“One of them was David Sklansksy, who’s written a lot of books. The other guy, Jimmy Doman, he’s passed away now. Before we started playing, I saw the nine players and thought ‘These two are pretty good players, so If I don’t win, maybe I could have a piece of them. Sure enough, we were the last three. Even if I lost, I still had 5% of one of them if I didn’t win it.”

Then a visitor stepped up to inquire about some action.

“Johnny Chan comes over to the table. Sklansky had the chip lead, I was second, Doman was third. Chan says ‘Tom, I’ll give you your buy-in back for 20% of your action if you win this satellite. I was still partners with this other guy, who had a third of me. I thought I should take it because if I lost, I could play another one and it wouldn’t cost me anything. We did it, and of course, I won. Now Sklansky and Doman both had 5% of me, Chan had 20% of me, and the partner to begin with had a third of me. By the time the smoke cleared, two other trades for 1% left me with one-third of my action in the Main Event.”

Johnny Chan
Johnny Chan

McEvoy's Main Event Run

To the Main. Johnny Chan was in the field, but McEvoy would not face ‘The Orient Express’ in the heat of battle, although the eventual WSOP legend was more present than most around the final table.

“Rod Peate was selling pieces of his action to the World Series and guess who bought 20% of his action? Johnny Chan. Both Rod Peate and I made the final table and so did Doyle Brunson. They made him a betting favorite. At the nine-handed final table, Terry Rogers, an Irish bookmaker made me 8/1 odds, so Eric Drache bet me. At a nine-handed table with all my tournament experience, I was a good price.”

"Everyone thought Doyle would eat us alive. But he made a horrendous mistake."

It was three-handed with McEvoy left facing just Rod Peate, the $100 qualifier, and double WSOP Main Event winner Doyle Brunson.

“It was the last year Doyle Brunson made the final table of the Main Event. Everyone thought Doyle would eat us alive. But he made a horrendous mistake against Rod Peate and got himself broke. He was probably a much better player than us back then and he thought he’d find a way to beat us. But Doyle went down in flames, much to everyone’s surprise.”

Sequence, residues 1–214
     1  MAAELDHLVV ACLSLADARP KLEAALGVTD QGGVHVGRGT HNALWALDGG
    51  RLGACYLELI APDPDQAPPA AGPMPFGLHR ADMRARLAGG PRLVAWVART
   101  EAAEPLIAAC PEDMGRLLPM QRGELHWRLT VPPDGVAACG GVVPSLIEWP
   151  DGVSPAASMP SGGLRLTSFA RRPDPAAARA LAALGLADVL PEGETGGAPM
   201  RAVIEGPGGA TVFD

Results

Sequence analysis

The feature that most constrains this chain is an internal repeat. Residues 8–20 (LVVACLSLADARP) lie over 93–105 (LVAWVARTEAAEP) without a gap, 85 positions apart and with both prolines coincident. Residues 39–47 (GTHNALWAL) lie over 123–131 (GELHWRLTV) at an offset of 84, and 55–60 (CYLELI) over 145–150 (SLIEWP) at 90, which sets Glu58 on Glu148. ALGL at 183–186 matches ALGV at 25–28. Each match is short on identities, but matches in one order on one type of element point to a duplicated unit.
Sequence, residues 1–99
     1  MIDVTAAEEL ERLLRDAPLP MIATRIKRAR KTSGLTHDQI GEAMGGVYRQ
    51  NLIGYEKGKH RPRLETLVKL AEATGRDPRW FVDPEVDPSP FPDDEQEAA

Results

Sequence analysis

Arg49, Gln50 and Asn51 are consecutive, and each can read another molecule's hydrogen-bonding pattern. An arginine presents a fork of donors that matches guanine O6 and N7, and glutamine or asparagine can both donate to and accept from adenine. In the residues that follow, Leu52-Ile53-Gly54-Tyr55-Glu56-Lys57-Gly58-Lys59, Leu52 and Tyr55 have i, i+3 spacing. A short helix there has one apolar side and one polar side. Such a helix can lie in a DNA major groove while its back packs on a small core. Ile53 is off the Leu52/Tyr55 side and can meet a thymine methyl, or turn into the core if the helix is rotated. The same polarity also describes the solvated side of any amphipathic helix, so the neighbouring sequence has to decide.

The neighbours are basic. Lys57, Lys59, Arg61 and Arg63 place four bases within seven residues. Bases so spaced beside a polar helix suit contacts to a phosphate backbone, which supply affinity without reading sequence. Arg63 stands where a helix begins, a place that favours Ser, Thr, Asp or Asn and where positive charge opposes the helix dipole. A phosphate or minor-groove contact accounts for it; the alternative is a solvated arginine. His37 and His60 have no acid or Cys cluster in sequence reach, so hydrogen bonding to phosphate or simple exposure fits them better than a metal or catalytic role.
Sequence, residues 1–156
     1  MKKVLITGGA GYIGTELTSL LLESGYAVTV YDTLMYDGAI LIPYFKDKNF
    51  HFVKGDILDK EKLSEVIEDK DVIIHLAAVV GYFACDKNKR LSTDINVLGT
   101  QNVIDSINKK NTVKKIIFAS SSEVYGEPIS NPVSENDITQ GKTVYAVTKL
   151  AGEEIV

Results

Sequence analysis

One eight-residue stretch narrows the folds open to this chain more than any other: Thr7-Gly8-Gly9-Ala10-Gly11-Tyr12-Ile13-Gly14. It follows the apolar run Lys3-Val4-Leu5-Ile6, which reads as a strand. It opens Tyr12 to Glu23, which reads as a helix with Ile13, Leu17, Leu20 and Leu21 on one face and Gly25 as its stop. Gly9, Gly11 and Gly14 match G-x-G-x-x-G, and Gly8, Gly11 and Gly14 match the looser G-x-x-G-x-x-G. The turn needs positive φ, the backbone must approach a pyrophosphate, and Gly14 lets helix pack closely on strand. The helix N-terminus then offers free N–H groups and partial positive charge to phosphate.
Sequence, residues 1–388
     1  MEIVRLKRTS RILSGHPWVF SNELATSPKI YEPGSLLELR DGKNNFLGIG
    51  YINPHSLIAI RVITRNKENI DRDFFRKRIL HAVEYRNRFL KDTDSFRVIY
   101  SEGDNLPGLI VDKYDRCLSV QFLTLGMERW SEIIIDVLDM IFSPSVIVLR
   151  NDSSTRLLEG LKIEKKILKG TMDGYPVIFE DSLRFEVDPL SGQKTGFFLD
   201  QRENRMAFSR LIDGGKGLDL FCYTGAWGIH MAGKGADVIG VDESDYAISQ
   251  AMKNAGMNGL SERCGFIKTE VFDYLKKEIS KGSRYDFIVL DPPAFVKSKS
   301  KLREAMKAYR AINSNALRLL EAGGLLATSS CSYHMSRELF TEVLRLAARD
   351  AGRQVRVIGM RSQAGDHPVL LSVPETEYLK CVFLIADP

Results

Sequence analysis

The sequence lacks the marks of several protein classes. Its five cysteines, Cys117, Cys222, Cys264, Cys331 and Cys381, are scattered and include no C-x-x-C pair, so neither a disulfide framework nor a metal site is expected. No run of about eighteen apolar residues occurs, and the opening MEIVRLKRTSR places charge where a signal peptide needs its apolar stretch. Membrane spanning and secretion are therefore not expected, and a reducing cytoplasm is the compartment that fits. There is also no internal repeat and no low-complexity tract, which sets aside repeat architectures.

It would be the longest heads-up battle in Main Event history until 2018, and it would be McEvoy who eventually prevailed, even if Chan would end up making more than either McEvoy or Peate, who had sold so much of their action.

“Winning that tournament meant a lot more to me than it did him. I agreed to a deal, to soften the jump between the runner-up prize of $216,000 and winner’s prize of $540,000, because I thought it might just soften him up a little and allow me to win. And that’s what I did. We set a record that stood up until this year for heads-up play: seven and a half hours. All records eventually fall.”

In 35 years, McEvoy has turned into one of nearly three dozen returning Main Event winners. He’s seen a lot change in that time.

"We set a record that stood up until this year for heads-up play: seven and a half hours."

“The World Series was getting bigger and bigger every year, it was just taking off. When I first moved to Las Vegas in 1979, it was my goal to get to the WSOP Championship Event. I told a lot of my friends that I had a five-year plan to be playing in the Main Event. I made it one year early and then I won the tournament. There were 108 players in the Main Event in 1983. By current standards, that’s nothing, but there was no dead money. Now there are thousands of players, and at least half of them are dead money.”

McEvoy certainly hasn’t been that, cashing the Main Event in two of the last three years.

“This year, Joe Cada [who reached the final table] was the only past champion that outlasted me in the Main Event. I’ve played the Main Event every year since the year I won, except once, cashing four times. There’s one tournament I always want to play and that’s the World Series, obviously the Main Event, but I love the whole atmosphere.”

McEvoy’s journey to Main Event glory started with a single-table satellite and has never ended. He has $3,072,809 in live tournament winnings. His 1983 WSOP Main Event win is still the biggest of his career.

Tom McEvoy
  • The first-ever WSOP Main Event winner from a satellite, Tom McEvoy, looks back on history.

  • Why was Johnny Chan so invested in the 1983 Main Event that Tom McEvoy won through a 9-handed satellite?